UK: Off.

I checked Twitter this morning and was suddenly reminded that LOST ended last night. Having never watched the show, I…don't get it. But I don't really understand all the people who are so adamantly, violently against the show, either. The Twitter dance between LOST disciples and anti–pop culture backlash is always hilarious, especially when I can look back on the raging battle, blissfully unaware, as I'm waking up on a beautifully sunny and cool morning in Edinburgh.

I would have been fast asleep either way.

Today, instead of the long, arduous Monday-morning commute into the Chicago suburbs, I'm on a bus headed north into Perthshire, where we'll visit a "Plant Hunters'" garden full of rare specimens, feast on traditional fish and chips, and visit a whisky distillery.

Yesterday, we boarded a different bus, with a different driver, and made our way through a driving rain along the A1, southeast into England. The sky was grey, the asphalt shrouded in a fine mist; at times, we couldn't even see the North Sea off to the left for the fog. Every so often, to our right, there were tiny, woolly sheep everywhere grazing on grassy meadows and craggy hills. In other places, the ground turned a brilliant yellow with fields of rapeseed in full bloom.

I slept on and off — jet lag and some particularly wonderful episodes of Angel on DVD had gotten the best of me the night before — waking at intervals for lessons on history, geography and various British accents from our tour manager, Chris. (Try this one in your best Scottish: "Och! My toes are trampled to a pulp!") We spent the entire day in Alnwick, a beautiful little town whose main attractions are a small garden and a castle. As somewhat less of a garden enthusiast, I made it through the garden in about an hour and set off into town with my camera. But Alnwick is no Paris; the photography is slim pickings. After another hour of wandering about and walking up to stores I wanted to visit only to find them closed for Sunday, hanger had overtaken me and I needed lunch. I settled on a tiny restaurant with courtyard seating.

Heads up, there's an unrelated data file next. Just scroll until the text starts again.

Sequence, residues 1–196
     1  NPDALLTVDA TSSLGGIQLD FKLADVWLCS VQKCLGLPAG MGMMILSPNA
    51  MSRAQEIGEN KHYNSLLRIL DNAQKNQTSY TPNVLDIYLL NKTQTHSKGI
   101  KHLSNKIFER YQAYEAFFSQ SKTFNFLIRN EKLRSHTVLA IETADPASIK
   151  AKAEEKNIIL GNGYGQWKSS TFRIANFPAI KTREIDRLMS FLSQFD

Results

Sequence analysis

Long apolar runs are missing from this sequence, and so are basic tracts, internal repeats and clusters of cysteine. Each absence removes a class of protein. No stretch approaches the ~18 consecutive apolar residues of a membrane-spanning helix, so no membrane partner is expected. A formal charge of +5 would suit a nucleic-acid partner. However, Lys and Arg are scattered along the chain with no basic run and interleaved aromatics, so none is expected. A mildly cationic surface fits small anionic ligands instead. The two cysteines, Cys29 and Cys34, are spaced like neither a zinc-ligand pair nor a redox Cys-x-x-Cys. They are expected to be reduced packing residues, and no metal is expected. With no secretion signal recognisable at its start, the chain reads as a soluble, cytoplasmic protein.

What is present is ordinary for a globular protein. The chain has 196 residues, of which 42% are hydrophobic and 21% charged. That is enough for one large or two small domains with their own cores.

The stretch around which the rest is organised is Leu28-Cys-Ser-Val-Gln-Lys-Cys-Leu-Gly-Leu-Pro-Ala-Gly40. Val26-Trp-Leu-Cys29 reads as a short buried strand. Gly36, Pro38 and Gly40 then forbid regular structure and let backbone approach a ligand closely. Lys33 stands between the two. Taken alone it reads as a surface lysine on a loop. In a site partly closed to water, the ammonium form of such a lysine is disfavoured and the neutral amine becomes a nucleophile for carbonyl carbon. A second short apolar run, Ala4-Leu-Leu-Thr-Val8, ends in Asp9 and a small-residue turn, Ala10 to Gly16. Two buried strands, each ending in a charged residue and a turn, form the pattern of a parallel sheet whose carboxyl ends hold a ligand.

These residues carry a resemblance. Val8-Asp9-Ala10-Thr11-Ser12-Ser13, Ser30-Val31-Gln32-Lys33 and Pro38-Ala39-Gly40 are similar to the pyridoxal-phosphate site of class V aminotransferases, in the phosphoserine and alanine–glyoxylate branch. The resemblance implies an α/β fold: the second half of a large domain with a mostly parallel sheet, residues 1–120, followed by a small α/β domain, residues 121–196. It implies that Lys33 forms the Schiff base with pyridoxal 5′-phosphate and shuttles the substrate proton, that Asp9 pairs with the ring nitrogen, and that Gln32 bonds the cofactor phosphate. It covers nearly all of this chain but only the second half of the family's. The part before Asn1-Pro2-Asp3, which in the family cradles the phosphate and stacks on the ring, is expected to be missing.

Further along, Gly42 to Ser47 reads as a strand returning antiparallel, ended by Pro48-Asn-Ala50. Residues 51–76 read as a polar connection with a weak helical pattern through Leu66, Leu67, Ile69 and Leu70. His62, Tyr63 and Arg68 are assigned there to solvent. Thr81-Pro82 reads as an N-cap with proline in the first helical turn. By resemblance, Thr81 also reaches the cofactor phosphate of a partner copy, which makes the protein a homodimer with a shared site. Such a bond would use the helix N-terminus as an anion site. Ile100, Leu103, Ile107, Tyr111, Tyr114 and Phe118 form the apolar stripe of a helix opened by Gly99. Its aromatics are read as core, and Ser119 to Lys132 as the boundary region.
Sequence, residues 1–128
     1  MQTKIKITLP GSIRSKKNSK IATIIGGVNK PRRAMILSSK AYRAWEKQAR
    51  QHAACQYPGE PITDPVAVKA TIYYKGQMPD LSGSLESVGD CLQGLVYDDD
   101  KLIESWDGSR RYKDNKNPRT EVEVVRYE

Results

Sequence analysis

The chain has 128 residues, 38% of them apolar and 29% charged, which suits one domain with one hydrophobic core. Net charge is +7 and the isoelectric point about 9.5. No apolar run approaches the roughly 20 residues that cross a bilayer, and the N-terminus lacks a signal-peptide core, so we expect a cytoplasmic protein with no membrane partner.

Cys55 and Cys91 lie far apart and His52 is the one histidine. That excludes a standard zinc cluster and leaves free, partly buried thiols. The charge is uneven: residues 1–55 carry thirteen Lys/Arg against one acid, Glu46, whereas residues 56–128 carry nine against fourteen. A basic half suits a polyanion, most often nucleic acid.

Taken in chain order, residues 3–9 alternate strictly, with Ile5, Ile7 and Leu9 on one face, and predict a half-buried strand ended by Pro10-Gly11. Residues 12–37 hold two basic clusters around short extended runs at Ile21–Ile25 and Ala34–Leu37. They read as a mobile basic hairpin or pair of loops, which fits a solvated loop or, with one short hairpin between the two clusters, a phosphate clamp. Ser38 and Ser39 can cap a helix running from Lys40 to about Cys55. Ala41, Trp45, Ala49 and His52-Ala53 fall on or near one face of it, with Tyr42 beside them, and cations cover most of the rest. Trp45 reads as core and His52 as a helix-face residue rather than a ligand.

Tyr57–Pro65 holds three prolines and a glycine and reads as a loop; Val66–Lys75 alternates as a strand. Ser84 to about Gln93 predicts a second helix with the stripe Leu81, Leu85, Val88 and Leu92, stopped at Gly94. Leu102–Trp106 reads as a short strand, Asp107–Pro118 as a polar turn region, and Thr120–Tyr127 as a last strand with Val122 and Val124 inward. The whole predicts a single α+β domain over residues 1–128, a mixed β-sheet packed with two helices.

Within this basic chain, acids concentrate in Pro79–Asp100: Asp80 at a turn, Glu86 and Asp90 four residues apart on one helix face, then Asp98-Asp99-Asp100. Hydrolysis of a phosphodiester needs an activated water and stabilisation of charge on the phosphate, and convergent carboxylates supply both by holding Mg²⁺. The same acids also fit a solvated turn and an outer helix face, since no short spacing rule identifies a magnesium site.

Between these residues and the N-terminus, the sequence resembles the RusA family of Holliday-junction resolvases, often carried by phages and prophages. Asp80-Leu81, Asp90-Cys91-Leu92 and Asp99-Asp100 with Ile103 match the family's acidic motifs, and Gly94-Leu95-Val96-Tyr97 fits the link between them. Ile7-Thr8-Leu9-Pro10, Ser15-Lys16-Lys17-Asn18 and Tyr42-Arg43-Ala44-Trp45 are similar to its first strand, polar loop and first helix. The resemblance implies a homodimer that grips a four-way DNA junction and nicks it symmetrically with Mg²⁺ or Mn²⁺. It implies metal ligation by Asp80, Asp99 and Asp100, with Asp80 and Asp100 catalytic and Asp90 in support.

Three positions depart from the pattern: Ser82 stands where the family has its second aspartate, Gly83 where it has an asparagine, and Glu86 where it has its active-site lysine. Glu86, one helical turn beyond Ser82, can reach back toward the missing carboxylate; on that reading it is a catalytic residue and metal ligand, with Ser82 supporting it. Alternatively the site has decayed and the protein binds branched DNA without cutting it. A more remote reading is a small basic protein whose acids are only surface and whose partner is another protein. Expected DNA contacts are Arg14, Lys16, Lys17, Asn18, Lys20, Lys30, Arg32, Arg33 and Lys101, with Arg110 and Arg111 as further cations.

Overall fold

The British frown upon solo diners. Hmph. Well, I frown upon British food. Ugh. I ordered a bacon and brie Panini, the only thing on the menu that sounded even remotely appetizing, and was promptly poured on as soon as my food arrived. I played Sudoku on my iPhone — God bless my iPhone — and waited out the rain.

Yesterday was an off day.

It's lonely here, despite the fact that I'm traveling with a group. The first couple of nights, I went out with Chris and his friend Sarah, who lives in Edinburgh, for drinks and dinner. Which made me feel very much part of the "in" crowd. But it's hard to relate with my fellow travelers, given the age gap and my level of gardening knowledge; being here as a journalist, it doesn't always feel like I'm part of the group. Which is fine.

One of the things I'd looked forward to about this trip was all the time I'd have to myself. Except I haven't used it very well: one trip to Sainsbury's supermarket for a bottle of Evian and a visit to Marks & Spencer for a new handbag, after the zipper busted on the one I bought for Paris last year. Stupid $19.99 deal from Target. But last night, I was exhausted to the point of antisocial, and I embraced it. I went straight to my room, logged on to Yelp and started looking for takeaway Thai. Turns out, one of Edinburgh's highest-rated Thai restaurants, Dusit, is around the corner from my hotel in tiny, one-way alley called Thistle Street.

I walked past sweet boutique shops with fancy purple leather handbags and posh little restaurants I could kick myself for missing until last night, until I happened upon this hole in the wall that smelled like…home. I ordered green curry with chicken and sat in a folding chair by the front door until they brought my bag to me. I ate in bed and fell asleep at 9:30. I was more content last night than I have been in any quiet garden grove since we arrived.